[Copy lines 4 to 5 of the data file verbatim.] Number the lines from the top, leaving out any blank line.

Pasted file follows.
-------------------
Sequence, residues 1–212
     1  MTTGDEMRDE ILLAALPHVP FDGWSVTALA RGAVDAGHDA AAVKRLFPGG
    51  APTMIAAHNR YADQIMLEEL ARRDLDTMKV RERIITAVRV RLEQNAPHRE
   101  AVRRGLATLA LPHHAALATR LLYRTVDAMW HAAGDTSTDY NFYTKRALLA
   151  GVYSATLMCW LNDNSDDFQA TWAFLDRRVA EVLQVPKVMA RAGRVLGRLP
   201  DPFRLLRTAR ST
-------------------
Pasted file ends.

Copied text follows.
   101  AVRRGLATLA LPHHAALATR LLYRTVDAMW HAAGDTSTDY NFYTKRALLA
   151  GVYSATLMCW LNDNSDDFQA TWAFLDRRVA EVLQVPKVMA RAGRVLGRLP